Re: The [??] attribute
|From:||Christophe Grandsire <christophe.grandsire@...>|
|Date:||Thursday, September 12, 2002, 14:09|
En réponse à Arthaey Angosii <arthaey@...>:
> M-W has the pronunciation as /m&'men(")tO/ which is what I normally use
> except that the & vowel is very short -- as is their sound file example
> of the
> word. Is there a way to mark for an extremely short vowel? When I say
> "memento," I start in on the second syllable almost immediately after
> the &.
In IPA you use the breve diacritic, in X-SAMPA it's [_X]. It's called
the "extra-short" diacritic.
> And when they talk about "syllabic consonants," what does this mean in
Exactly what they mean: something which is normally a consonant, but gets
pronounced as a syllable peak, without any vowel around (not even an extra-
short schwa). It's easy to do with nasals and liquids, trickier with
fricatives, and nearly impossible with stops, and yet all those consonants can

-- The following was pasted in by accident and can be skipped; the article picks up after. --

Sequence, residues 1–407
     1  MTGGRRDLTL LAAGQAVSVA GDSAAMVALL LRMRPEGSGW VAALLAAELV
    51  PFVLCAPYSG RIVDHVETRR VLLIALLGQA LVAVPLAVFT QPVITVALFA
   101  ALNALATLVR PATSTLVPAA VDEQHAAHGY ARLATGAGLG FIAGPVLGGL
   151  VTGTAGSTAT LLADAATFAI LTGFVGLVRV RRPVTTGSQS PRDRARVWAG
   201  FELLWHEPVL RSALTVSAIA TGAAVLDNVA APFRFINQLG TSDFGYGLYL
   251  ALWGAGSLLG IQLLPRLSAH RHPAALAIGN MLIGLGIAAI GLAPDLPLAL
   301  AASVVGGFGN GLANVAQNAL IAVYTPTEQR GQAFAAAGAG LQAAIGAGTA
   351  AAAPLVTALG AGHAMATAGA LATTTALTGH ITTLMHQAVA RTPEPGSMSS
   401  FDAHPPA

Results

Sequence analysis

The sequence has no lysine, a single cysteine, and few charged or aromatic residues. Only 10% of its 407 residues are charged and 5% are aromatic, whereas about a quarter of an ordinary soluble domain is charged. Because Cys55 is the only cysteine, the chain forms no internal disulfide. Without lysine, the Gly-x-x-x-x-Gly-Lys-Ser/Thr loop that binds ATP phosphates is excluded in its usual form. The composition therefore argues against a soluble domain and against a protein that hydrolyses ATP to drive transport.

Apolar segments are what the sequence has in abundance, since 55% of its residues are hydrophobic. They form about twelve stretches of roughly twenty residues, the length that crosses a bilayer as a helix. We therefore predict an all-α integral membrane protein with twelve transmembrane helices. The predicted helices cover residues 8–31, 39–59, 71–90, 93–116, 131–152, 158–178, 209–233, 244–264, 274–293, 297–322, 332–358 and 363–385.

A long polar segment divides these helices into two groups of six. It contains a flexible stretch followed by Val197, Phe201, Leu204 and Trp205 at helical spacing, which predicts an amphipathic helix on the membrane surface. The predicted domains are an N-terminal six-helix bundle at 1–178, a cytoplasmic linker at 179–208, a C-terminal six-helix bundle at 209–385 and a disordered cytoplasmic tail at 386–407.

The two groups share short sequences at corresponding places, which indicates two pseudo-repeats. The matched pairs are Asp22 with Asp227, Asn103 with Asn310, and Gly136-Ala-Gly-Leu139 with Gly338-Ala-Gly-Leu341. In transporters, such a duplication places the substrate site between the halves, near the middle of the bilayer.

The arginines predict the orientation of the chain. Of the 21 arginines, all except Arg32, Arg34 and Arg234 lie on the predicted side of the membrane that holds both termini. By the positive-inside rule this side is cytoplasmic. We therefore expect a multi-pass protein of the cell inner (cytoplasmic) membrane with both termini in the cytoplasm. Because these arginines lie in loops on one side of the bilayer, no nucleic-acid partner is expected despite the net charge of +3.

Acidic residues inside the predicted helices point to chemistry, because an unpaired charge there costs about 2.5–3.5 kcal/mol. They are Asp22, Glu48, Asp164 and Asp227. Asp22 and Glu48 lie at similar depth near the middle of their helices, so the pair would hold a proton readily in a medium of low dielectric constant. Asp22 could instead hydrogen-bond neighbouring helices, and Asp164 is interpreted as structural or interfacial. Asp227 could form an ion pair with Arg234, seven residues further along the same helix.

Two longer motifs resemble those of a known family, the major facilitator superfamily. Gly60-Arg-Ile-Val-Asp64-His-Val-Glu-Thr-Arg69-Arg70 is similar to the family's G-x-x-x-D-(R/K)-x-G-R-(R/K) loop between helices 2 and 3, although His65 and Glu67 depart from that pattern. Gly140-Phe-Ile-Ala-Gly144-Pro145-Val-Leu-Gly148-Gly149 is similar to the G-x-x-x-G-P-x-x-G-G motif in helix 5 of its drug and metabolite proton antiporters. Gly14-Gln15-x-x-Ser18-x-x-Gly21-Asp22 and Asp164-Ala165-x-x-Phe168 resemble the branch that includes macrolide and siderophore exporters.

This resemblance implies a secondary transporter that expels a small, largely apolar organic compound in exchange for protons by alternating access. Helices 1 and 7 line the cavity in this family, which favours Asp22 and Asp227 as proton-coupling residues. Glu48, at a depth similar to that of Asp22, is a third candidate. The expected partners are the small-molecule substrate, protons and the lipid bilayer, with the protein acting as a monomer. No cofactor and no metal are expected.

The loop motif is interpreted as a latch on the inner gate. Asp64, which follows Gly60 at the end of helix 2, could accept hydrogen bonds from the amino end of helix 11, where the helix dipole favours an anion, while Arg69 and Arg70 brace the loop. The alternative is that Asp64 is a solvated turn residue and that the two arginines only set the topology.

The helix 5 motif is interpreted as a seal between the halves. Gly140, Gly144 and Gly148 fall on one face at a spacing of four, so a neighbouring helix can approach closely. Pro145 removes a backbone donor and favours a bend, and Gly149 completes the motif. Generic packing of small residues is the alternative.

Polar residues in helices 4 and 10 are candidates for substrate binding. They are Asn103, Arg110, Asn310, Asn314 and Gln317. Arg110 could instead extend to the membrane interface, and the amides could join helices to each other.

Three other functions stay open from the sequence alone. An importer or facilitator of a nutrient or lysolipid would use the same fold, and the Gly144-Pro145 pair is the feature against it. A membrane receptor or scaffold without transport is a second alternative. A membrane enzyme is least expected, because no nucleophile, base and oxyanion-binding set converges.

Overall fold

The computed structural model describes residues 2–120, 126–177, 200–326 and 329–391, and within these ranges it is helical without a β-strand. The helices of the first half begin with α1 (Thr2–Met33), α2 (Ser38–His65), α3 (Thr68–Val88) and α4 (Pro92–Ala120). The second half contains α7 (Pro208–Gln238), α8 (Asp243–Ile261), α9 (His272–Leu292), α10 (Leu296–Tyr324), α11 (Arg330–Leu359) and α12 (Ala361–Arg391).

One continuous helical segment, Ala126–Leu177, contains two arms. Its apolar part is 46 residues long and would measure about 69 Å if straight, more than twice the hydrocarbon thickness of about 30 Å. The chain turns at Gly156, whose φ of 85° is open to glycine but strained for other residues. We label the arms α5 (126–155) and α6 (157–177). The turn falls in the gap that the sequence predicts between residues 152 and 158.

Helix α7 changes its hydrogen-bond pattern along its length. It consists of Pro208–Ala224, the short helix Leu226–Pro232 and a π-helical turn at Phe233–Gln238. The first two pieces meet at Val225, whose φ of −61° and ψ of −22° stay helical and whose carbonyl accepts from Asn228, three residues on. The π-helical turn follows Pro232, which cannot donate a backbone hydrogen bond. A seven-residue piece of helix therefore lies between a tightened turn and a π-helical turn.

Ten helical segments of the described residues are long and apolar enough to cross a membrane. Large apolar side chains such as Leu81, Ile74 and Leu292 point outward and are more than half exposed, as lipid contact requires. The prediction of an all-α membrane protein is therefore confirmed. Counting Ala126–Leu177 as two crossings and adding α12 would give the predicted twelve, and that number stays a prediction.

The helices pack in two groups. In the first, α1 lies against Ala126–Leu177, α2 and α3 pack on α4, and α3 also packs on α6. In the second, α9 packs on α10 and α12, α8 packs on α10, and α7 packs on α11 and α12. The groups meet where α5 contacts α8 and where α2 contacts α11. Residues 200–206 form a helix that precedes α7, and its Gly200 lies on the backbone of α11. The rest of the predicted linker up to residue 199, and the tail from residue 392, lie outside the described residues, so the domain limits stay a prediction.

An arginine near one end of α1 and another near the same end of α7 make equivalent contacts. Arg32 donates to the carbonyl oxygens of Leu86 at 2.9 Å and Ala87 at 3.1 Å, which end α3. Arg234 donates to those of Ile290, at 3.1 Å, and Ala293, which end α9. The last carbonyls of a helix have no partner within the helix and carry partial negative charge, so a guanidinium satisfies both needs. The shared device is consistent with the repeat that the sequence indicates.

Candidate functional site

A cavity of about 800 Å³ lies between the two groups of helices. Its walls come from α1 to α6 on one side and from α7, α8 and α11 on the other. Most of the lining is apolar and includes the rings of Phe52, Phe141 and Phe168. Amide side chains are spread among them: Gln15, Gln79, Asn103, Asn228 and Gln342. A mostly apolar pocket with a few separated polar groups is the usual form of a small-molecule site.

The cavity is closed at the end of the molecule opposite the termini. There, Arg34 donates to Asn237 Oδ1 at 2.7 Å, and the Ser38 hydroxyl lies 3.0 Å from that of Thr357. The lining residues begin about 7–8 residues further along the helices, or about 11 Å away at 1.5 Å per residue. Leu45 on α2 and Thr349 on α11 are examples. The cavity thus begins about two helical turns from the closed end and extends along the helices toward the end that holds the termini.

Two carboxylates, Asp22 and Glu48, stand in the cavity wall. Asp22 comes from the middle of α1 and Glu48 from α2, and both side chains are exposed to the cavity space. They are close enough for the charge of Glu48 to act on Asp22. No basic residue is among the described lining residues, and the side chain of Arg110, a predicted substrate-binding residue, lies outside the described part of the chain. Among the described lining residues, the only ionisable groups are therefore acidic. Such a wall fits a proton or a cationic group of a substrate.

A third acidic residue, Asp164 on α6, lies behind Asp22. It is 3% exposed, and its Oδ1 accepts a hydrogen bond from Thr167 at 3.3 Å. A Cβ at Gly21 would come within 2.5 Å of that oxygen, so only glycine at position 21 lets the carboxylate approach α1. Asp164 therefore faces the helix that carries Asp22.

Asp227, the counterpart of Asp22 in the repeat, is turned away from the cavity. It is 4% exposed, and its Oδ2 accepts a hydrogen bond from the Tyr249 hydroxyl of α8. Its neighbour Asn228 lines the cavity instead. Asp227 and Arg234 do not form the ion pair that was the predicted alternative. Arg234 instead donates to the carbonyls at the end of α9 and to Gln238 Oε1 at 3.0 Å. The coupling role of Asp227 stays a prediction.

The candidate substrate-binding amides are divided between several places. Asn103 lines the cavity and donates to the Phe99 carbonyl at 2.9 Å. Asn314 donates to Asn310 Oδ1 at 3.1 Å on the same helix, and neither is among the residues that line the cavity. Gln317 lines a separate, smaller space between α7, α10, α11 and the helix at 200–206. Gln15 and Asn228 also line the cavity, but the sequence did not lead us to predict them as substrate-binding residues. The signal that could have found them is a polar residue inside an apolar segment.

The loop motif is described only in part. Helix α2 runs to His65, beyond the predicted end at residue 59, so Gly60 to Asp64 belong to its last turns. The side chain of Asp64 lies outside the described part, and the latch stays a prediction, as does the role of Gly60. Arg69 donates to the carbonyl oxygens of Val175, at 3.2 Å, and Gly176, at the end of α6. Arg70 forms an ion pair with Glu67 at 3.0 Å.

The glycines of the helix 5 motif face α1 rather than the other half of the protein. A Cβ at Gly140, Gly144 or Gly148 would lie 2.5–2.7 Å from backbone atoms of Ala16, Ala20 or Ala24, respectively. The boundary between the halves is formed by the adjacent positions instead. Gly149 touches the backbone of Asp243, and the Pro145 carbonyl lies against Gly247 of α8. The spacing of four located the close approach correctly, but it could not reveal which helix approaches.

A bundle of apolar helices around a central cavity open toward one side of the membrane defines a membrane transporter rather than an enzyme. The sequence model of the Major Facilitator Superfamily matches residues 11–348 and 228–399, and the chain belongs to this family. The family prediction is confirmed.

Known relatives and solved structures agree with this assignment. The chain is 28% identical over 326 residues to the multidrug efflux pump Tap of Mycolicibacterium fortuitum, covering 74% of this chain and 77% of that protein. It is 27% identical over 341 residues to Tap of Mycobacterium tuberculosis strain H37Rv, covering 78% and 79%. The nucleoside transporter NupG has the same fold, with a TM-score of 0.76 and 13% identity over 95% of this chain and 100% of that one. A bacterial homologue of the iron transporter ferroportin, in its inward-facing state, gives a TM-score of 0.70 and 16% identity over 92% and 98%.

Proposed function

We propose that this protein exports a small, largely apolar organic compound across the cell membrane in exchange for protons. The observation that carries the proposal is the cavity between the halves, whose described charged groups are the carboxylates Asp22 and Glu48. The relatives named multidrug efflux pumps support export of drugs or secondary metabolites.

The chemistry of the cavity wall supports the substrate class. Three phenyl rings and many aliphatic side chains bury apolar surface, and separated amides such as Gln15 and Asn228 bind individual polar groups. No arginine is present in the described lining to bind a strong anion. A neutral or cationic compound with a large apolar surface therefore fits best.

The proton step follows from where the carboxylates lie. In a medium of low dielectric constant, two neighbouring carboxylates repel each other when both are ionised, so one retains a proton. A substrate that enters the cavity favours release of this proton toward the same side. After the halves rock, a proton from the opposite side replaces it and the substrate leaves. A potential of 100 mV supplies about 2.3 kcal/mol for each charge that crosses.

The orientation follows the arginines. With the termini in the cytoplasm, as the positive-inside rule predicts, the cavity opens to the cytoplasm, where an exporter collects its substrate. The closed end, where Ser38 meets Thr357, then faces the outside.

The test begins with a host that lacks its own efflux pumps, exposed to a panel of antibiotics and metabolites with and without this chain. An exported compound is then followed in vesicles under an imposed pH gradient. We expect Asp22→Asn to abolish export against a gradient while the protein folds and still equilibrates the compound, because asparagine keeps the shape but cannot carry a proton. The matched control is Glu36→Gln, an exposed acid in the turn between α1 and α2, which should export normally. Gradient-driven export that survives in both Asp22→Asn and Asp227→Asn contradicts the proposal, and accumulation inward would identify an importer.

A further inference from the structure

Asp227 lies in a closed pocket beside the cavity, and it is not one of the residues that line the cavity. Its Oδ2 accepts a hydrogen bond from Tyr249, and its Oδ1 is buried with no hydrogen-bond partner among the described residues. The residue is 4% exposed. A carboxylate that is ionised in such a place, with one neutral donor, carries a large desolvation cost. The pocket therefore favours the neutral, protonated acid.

be syllabic in some languages or others.
A definition I found: "A syllabic consonant is a phonetic
> that normally patterns as a consonant, but may fill a vowel slot in a
> syllable." One of the examples given is the word "bottom" -- but why
> don't they
> describe this as /bAtVm/ with a very short V? (I'm from California, in
> we're known for having a strange pronunciation of this word. :)
Right explanation, wrong example. IIRC very few dialects of English have
syllabic [m=]. I was tempted to say "no dialect", but I know that with English
you must never say never ;))) . But take any final |-er| from any word in some
rhotic dialect of English (mostly American) and you have an example of a
Take your life as a movie: do not let anybody else play the leading role.